The NHL All-Star game will be held Jan. 31. Usually the game isn’t a serious event, but this year one particular player has sparked uproarious debate.
His name is John Scott, and as of writing this, he is not even on an NHL roster.
Players are voted into the All-Star game by the fans, which is a common system shared by a multitude of sports.
It allows the fans to interact and feel influential in the decision-making process and allows for fan favorites to always be present.
This year the system backfired as it became a tongue-in-cheek internet movement to vote in Scott, who is described by many of his peers as a “goon.”
Scott stands at 6-foot-8, weighs 270 pounds and has tallied only five goals in 285 NHL games.
During this time he has also accumulated 542 penalty minutes.
In the weeks following his nomination and subsequent voting barrage, Scott was subjected to every type of scrutiny and brutal criticism imaginable.
When interviewed on The Dan Le Batard show on ESPN, Scott sounded truly saddened by the whole situation.
“I’ve been doing this my whole life and this is all I can relate to and everyone takes that and just throws it in the gutter like I’m this huge joke for the whole country and everyone is just rallying behind it and making a farce out of me,” Scott said.
“It was depressing every time I looked at the TV and papers,” he said.
The internet voting movement, which was nothing more than a stupid joke that snowballed downhill, was undoubtedly catalyzed by a bunch of former class clowns looking to poke holes in an imperfect system.
The NHL tried to award fans some democratic involvement and this is how it is repaid.
The “fans” have voted in the biggest, worst player they could find and have inserted him into this sinister cheese maze to watch the world’s best embarrass him at every turn.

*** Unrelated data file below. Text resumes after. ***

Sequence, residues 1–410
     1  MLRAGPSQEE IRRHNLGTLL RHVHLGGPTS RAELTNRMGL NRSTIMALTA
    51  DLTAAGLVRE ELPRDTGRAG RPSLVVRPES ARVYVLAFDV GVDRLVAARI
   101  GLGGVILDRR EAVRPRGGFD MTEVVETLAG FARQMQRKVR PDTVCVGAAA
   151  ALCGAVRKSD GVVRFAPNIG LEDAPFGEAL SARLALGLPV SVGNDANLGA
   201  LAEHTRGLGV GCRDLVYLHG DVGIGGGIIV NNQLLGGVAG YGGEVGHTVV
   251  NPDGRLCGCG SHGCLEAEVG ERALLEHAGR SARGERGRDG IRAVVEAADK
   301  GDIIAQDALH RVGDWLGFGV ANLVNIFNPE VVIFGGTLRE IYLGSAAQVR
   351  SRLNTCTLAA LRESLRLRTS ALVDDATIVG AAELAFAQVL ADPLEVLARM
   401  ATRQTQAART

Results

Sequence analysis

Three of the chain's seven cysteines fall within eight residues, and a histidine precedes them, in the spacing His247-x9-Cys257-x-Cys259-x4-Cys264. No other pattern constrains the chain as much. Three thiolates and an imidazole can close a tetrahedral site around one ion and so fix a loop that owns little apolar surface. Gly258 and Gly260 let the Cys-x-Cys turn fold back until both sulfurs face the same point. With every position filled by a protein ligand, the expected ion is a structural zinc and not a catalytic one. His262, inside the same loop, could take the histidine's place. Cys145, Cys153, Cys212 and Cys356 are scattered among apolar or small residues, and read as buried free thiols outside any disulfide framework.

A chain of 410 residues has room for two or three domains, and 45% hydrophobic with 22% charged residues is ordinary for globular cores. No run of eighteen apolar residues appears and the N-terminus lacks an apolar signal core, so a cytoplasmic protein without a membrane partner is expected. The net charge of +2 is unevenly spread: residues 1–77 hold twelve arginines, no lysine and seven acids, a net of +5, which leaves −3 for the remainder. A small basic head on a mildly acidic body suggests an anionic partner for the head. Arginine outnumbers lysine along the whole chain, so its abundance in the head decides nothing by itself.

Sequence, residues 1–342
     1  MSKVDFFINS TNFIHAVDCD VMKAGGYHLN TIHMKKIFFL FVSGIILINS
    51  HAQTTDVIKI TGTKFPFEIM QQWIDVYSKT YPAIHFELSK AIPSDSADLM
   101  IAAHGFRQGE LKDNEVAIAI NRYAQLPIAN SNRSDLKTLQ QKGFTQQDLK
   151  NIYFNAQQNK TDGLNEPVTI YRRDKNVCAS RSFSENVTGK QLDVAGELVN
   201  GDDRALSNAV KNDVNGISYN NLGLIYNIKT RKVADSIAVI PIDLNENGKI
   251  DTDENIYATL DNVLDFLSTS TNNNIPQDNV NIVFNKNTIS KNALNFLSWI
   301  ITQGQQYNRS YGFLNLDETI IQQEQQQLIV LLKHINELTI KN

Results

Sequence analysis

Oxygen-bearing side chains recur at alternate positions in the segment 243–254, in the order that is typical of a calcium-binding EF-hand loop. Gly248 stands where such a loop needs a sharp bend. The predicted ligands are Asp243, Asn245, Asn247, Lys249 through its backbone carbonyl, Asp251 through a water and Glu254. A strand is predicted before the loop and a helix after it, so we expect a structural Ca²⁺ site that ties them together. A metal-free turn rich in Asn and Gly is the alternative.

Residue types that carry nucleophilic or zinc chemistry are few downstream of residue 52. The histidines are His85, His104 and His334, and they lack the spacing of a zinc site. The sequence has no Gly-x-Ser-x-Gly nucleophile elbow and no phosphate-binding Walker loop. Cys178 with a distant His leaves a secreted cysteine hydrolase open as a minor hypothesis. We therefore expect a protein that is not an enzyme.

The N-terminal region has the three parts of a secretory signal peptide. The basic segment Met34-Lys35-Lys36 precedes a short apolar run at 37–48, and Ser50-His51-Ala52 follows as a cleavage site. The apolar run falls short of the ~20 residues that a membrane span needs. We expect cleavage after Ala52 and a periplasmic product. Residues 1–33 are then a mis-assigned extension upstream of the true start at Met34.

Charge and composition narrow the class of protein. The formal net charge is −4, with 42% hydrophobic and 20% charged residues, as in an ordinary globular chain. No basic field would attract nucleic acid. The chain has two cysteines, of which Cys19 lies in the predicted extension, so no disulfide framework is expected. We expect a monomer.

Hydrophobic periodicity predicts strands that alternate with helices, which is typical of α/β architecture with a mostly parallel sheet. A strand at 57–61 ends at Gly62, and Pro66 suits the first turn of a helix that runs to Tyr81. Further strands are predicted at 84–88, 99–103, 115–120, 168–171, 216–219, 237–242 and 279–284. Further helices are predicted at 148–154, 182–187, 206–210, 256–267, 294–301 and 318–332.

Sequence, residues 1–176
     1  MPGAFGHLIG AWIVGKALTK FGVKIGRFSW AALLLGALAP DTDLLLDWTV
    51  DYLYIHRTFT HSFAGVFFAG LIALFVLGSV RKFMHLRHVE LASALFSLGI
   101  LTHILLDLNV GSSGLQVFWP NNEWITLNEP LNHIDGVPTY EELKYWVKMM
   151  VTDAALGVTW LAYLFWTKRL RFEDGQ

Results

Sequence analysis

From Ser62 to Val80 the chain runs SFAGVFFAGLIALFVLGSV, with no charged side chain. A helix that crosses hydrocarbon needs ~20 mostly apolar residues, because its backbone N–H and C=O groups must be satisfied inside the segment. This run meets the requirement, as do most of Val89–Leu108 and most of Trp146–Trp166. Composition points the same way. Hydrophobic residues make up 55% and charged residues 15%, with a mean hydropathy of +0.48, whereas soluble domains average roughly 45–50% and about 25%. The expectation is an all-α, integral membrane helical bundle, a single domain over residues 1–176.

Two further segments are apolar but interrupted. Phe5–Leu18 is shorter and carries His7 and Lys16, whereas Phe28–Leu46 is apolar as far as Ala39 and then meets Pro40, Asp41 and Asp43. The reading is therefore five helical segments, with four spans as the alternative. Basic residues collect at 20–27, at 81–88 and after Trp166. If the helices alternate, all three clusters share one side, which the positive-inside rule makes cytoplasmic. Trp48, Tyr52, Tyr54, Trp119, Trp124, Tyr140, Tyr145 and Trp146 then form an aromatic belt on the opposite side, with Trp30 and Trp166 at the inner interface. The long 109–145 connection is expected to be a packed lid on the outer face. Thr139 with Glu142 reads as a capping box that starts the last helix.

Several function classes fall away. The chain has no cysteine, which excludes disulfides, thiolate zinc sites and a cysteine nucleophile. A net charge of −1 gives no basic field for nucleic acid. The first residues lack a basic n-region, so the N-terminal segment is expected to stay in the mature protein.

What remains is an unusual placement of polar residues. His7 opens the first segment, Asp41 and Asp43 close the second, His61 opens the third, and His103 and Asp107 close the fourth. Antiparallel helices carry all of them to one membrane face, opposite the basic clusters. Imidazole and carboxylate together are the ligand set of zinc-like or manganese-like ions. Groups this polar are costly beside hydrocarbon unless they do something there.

The NHL’s animosity toward the situation reached critical mass and produced a childish retaliation.
Scott was traded from the Arizona Coyotes to the Montreal Canadiens, and was immediately demoted to the minors.
The Canadiens general manager, Marc Bergevin, denied that the All-Star game played any role in the trade, but also said, “I have some reasons that I can’t even tell you why, but if I could you probably would understand.”
What began as an internet joke is ending with a harsh punchline.
Scott’s wife is pregnant, and now he is being shipped across the country to finish the season.
“It was quite a bit of a shocker,” Scott said. “The emotions, anger and the roller coaster started again.”
After deliberation, it has been determined that Scott will still be playing in the upcoming All-Star game and will even captain the Pacific division team.
He is staying positive and focusing on the rarity of the opportunity presented to him.
The whole situation is muddled and it’s difficult to feel bad for somebody who is achieving one of his life goals; all that’s left is to tune in and hope that somebody has the gall to drop the mitts with him.